When scientists at the University of Washington recently drilled into the skulls of seven people with severe epilepsy and placed thin sheets of electrodes directly onto their brains, they were surprised by the brain activity they observed.
While physicians were studying neuro activity to investigate seizure signals, a separate team of bioengineers was simultaneously on the lookout for exactly how the brains of the seven volunteers behaved as they learned to move a cursor using their thoughts alone. It turns out that, in as few as 10 minutes, activity went from being centered on the prefrontal cortex, which is associated with learning new skills, to areas seen during more automatic functions, such as waving one's hand or kicking a ball.
In other words, in just a matter of minutes these brains behaved as if they had already mastered these Jedi mind tricks.
"What we're seeing is that practice makes perfect with these tasks," Rajesh Rao, a UW professor of computer science and engineering and a senior researcher involved in the study, said in a school news release. "There's a lot of engagement of the brain's cognitive resources at the very beginning, but as you get better at the task, those resources aren't needed anymore and the brain is freed up."
Rao and colleagues, who call this "distributed cortical adaptation," published their findings online Monday in the Proceedings of the National Academy of Sciences. They say that the electrodes on the volunteers' brains picked up the signals that directed the cursor to move and sent them to an amplifier and then laptop for analysis, which in just 40 milliseconds resulted in updated cursor movement on the screen.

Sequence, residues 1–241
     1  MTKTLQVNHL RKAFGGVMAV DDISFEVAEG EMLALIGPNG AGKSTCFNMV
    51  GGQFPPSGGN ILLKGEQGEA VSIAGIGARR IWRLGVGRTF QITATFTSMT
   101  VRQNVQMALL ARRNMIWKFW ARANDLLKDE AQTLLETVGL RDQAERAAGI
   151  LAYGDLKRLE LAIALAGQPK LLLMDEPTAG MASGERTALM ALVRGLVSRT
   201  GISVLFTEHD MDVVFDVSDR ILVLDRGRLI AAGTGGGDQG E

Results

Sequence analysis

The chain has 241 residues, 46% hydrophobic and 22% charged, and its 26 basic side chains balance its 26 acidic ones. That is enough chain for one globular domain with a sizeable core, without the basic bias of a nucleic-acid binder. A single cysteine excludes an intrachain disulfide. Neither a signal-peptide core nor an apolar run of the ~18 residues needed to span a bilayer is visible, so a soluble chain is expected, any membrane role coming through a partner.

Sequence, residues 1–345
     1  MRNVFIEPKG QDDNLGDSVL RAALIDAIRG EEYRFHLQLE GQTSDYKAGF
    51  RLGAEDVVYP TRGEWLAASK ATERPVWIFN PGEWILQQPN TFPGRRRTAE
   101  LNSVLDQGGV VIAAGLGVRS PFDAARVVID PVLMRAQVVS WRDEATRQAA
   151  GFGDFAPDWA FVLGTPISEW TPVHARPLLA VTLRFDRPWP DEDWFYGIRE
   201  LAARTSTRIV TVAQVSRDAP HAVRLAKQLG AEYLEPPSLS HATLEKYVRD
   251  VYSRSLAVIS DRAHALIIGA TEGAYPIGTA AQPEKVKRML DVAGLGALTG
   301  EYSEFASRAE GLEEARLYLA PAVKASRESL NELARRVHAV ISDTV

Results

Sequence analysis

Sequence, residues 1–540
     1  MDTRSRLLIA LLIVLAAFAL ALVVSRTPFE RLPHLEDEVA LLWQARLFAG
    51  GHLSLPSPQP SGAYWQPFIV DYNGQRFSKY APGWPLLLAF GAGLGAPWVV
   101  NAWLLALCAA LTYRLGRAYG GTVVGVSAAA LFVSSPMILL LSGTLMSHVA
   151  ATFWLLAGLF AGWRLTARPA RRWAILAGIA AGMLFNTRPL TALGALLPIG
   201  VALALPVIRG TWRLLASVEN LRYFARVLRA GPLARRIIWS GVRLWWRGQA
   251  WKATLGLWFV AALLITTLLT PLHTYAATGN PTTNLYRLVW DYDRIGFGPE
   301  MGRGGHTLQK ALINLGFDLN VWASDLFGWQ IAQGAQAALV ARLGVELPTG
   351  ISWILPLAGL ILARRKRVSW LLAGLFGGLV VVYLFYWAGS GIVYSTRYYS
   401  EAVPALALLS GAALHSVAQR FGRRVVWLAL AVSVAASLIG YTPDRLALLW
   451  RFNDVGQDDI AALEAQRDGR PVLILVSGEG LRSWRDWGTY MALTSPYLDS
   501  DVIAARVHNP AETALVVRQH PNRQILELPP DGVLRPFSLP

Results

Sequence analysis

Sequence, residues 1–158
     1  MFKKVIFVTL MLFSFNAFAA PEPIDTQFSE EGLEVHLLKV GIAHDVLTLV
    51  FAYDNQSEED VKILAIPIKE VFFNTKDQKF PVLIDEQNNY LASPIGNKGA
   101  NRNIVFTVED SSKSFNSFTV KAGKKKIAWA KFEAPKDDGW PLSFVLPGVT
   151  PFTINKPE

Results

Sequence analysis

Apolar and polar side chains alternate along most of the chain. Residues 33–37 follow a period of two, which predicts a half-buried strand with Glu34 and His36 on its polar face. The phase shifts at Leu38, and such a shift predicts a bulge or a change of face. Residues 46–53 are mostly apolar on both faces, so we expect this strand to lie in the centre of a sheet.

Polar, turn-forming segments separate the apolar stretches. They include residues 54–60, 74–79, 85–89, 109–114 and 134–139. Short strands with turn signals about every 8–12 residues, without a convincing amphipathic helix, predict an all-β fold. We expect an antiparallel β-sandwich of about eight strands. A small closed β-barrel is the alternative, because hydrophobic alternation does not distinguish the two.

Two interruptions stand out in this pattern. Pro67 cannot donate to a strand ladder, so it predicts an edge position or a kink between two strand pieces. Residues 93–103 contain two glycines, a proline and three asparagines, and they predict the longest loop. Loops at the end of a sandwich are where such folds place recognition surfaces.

Brain-computer interfacing, sometimes called mind-machine interfacing, is an emerging field that holds tremendous promise for those who are paralyzed or cannot speak -- or, let's be honest, for avid gamers. And while previous work has already demonstrated success by humans as well as monkeys using these interfaces, this is the first to actually map neurological signals throughout the brain as the task is being learned.
"We now have a larger-scale view of what's happening in the brain of a subject as he or she is learning a task," Rao said. "The surprising result is that even though only a very localized population of cells is used in the brain-computer interface, the brain recruits many other areas that aren't directly involved to get the job done."
The better researchers understand the brain's involvement in learning and mastering these tasks, the better the resulting interface may be. And while the current hardware involved is, at its best, pretty darn invasive (devices placed on heads instead of implanted onto brains do a poorer job of picking up neural activity), who knows what kind of headbands the future holds.